Based on the video game of the same name “Rampage” is about as complicated as the console quarter-eater it spawned from. Three giant monsters destroy whatever they come across and it’s up to Dwayne Johnson to stop them. There are minor problems that crop up on the path to the happy ending we know we’ll get like plane crashes, imprisonment and lies between allies that threaten a recently created partnership. All this is merely what we expect from this kind of mindless effects-heavy action/adventure. I really wanted to like it but it is just okay.

My biggest problem with “Rampage” is it doesn’t have much of a story. A combination of corporate greed and wholesale digital destruction is pretty thin as far as compelling plots go. We are treated to a massive skyscraper’s collapse and three giant monsters (plus The Rock) battling it out for dominance but it all comes off as hollow and the action gets repetitive in the film’s final act.

I realize this is a meaningless popcorn movie that is designed to be visually thrilling and the special effects are spectacular. The motion capture used to bring George to life is seamless and amazing. Much like the recent “Planet of the Apes” reboot you would be hard pressed to say there isn’t a real albino gorilla on the screen. While the other mutated creatures are also visually stunning they are given certain added features that render them more creatures of fantasy. George is just an albino gorilla that is very, very large. The visuals throughout the film are very believable from the crashing of a military transport plane to the destruction of a skyscraper. It all looks very real.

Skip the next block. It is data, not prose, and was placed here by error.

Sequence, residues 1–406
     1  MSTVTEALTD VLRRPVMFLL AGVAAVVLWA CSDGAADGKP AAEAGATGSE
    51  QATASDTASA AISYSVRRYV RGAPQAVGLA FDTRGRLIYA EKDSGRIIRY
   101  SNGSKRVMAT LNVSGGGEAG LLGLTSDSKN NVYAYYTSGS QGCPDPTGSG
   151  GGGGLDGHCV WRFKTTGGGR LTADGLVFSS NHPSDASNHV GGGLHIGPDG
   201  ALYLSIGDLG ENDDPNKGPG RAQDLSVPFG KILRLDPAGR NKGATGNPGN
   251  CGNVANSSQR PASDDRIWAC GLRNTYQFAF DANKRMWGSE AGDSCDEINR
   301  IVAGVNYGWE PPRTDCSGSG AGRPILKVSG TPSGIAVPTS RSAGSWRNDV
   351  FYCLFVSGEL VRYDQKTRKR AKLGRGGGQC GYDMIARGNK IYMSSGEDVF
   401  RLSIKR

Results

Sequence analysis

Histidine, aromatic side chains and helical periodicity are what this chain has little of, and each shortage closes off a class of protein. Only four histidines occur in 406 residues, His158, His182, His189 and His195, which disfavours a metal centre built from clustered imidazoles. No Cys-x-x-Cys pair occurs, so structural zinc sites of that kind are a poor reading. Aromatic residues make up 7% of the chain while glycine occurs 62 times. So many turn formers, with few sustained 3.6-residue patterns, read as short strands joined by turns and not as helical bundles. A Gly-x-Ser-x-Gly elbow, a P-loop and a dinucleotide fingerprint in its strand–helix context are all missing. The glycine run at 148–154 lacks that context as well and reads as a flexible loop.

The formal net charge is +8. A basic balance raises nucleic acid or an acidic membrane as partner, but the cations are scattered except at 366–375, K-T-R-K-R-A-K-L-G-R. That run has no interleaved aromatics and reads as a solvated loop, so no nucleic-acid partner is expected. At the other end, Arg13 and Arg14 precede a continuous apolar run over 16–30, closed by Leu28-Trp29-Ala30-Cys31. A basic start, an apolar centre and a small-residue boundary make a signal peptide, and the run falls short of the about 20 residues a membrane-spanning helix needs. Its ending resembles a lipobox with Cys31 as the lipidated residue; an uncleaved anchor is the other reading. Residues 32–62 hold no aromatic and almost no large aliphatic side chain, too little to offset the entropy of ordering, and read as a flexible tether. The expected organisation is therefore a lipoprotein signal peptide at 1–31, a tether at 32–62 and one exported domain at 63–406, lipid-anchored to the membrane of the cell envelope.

What aren’t real are the characters. Each is a type that is needed to fill a need of the paper-thin story. Johnson is, of course, the mythic hero that is the linchpin holding all the other characters (good and bad) together. He is the moral center fighting for his gorilla friend and to prevent the greedy corporation from profiting from his friend’s suffering. Naomie Harris is part damsel in distress and part hero’s conscience. She reminds him of what is true function in the story is while also giving him something to save when needed. Malin Akerman is the heartless and greedy villain. She has no redeeming qualities whatsoever and even tries to place blame on Harris’ character. Jake Lacy is also a villain but he doubles as the dumb comic relief. He is far too brainless to have concocted the villain’s evil plan on his own and is used to do some of the dirty work so the main bad guy (or in this case bad girl) doesn’t have to get her hands dirty. His purpose is to soften the evil for the audience. Jeffrey Dean Morgan is the ruler that breaks the rules. He’s a maverick that starts off as an antagonist but finds he likes the methods of the hero. No character in the film rise much above the bare minimum required of them and none of the actors turns in a particularly stellar performance.